I thought before I put my planner order in that I’d run it down for people who want everything in one place. All the cover options come in script or type with the daily coming in gorgeous pink/gold art cover and classic purple, the weekly coming in blue/gold art cover and again classic purple and the undated available in two beautiful art covers – turquoise and what I’m calling heathers! For those of you who are wondering what the big deal is – these planners stand the test of a year of use really well, they are objects of beauty as well as being practical, wonderful guides for planning your life around how you want to feel. Step into Desire Map and Desire Map planning for 2020 and you won’t regret it! Contact me if you’ve any questions or wish to place an order.
Here’s the choice for Daily Planners:
Weekly planners are gorgeous too:
And the incredibly gorgeous and hugely flexible undated planner:
Mid July. I’ve had a holiday and some time to breathe since the girls finished school. We needed it all of us – space and time to process the challenges this year brought and the triumph we managed to find in it all! It’s been pretty shit. It’s also been a growth spurt of epic proportions for us as a family and quite possibly each of us individually too. I know it has been that way for me.
I haven’t worked walking dogs at all this year and made the decision to stop some months ago. I think I needed a little time to see how things worked out but I believe it was the best decision to make. I have had a total blast doing it and wouldn’t change a thing. I count myself honoured to have gotten to know so many lovely animals and their people and to have been in a position to do it.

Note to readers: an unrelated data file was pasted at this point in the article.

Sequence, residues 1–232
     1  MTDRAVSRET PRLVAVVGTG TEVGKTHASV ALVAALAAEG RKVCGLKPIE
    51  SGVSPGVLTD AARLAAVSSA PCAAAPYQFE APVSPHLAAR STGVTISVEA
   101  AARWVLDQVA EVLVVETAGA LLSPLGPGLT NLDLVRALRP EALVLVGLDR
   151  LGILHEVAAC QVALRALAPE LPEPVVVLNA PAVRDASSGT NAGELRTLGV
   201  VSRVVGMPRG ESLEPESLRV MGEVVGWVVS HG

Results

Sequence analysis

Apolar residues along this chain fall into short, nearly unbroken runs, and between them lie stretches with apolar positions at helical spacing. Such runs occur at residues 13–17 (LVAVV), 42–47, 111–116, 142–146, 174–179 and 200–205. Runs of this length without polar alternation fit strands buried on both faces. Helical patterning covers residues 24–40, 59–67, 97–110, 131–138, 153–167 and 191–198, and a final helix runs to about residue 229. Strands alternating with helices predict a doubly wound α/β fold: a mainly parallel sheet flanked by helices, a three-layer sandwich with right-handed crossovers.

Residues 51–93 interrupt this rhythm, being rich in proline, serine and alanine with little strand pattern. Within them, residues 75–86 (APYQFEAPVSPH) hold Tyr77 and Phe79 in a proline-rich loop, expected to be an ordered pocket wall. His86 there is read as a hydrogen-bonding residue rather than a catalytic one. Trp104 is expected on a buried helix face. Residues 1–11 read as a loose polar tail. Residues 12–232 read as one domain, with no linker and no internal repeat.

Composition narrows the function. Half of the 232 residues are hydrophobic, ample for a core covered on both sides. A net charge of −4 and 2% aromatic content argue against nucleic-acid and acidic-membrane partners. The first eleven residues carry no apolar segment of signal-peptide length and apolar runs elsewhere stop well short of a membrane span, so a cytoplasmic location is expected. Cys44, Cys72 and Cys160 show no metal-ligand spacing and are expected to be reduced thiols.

A few years ago the hairs on the back of my neck stood up when I heard these words during an online course when someone who they’d resonated with read them to the group over a call. They’re from Danielle LaPorte.
“Most people will proceed as planned. They’ll stay quiet, suppress their doubts with rationality. They’ll make the choice to save money, save face, not rock the boat. Don’t want to disappoint people. There’s a lot on the line. I said I would, so I should.
Safe. The road to mediocre is always really…safe. And in terms of fulfillment, “safe” is really, really dangerous.
The Courageous Minority will risk being judged as indecisive, unreasonable, and flakey (in fact, they’ll expect it). They’ll take a deep breath and steady themselves for some conflict, a miracle, or both. And they will put on the brakes, throw a wrench into the works, push for change, ask for the unreasonable. Or move on. Completely.
Their risks tend to pay off, because they took them. Even though…they had come so far, invested so much, raised the stakes, had people to please, signed the contract, booked the flight. Even though…it’s really uncomfortable, extremely inconvenient, disruptive and awkward. It’s always awkward.
Courage elevates your perspective of time. You can see that the disruption of risk is temporary, and that playing it safe can extend your numbness for a very, very long time — and that’s how “good enough” becomes toxic.